The body farm is one of the most iconic landmarks in the West Australian landscape.
Built in the late 19th century, it is still the only intact body farm in Australia and the only body farm on land that is owned by the state government.
The land is one that is used for both grazing and processing, and is managed by a private landowner.
A group of farmers have taken the body farms management and have decided to build a farm to harvest body parts.
“This farm is our way of saying thank you to our past,” said a statement from the group, which also includes farmers including Chris, Chris’s wife, and David.
We’re going to be harvesting bodies for our next festival, we’re doing it for the people of the world who are waiting for a body farm.
We want to make a difference for people in this state and we are going to do it in the best way possible.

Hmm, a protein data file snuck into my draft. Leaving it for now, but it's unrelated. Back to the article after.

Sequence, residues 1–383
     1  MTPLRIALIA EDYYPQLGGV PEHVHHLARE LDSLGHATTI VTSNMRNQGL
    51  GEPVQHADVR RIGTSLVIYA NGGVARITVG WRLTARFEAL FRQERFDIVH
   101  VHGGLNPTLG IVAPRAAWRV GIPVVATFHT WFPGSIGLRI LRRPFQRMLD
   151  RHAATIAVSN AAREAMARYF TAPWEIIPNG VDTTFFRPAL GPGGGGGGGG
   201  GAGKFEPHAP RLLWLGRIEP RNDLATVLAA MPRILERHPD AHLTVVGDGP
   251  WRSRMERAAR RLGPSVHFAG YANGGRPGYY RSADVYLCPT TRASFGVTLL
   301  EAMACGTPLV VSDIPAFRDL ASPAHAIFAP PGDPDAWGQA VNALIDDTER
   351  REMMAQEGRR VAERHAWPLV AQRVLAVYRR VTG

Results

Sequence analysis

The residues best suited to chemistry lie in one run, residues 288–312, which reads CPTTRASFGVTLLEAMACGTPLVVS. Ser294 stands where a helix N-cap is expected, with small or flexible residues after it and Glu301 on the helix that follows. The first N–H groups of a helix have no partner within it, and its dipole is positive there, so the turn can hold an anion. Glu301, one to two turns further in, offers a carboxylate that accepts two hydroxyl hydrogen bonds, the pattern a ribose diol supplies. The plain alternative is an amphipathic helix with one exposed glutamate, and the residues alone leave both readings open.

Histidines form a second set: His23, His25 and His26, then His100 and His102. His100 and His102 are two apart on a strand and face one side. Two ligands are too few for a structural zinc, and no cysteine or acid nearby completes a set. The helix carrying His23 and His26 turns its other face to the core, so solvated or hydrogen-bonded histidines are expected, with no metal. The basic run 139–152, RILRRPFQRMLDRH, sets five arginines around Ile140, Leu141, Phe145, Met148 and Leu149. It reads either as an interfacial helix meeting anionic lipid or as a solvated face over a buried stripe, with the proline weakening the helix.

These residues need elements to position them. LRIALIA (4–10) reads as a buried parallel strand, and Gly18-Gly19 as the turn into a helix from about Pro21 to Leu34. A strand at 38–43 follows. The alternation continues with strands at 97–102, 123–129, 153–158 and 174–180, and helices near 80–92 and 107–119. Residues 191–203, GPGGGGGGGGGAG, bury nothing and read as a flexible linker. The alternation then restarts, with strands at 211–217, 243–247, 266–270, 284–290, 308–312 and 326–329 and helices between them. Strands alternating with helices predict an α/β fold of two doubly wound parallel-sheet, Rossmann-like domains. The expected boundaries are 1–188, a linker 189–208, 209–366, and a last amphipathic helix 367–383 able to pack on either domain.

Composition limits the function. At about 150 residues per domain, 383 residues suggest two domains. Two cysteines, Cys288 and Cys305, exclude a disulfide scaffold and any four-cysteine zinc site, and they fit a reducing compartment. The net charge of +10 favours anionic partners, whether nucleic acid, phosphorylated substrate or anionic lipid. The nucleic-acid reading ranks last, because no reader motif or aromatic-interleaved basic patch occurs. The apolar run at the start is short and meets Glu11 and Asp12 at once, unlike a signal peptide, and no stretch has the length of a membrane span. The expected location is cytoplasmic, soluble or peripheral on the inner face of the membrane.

“The farmers have already harvested body parts for the local community, but the body farmers are now taking the decision to sell their bodies.
According to the statement, the body farming will also be an opportunity to “celebrate the beauty of our state and its people”.
The body farmers claim they are the first to be able to harvest bodies in the Western Australian state and that they plan to continue harvesting bodies on the farm.
But the body farmer’s plan is not without controversy, with the farmers claiming that the bodies are “a sacred and sacred site for many Aboriginal communities”.
A number of groups have already taken to social media to voice their concerns about the body-farm project, with many calling on the farmers to return the bodies to their communities.
While the bodies can be used to make medicine, and even to sell the farm’s raw produce, the farm is not the only thing that the body owners plan to harvest for their next festival.
Many of the farm members plan to stay on the land, and will be donating their bodies to a hospital for transplantation. “
Our plan is to have a holistic experience of the natural world, not just a pharmaceutical and biotechnological one,” the statement reads.
Many of the farm members plan to stay on the land, and will be donating their bodies to a hospital for transplantation.
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